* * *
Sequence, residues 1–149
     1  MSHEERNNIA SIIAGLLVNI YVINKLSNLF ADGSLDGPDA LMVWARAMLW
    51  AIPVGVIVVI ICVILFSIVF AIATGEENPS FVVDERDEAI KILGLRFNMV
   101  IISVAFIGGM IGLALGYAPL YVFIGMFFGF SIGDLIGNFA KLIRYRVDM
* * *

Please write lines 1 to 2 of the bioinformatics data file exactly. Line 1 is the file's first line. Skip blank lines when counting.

Sequence, residues 1–149
     1  MSHEERNNIA SIIAGLLVNI YVINKLSNLF ADGSLDGPDA LMVWARAMLW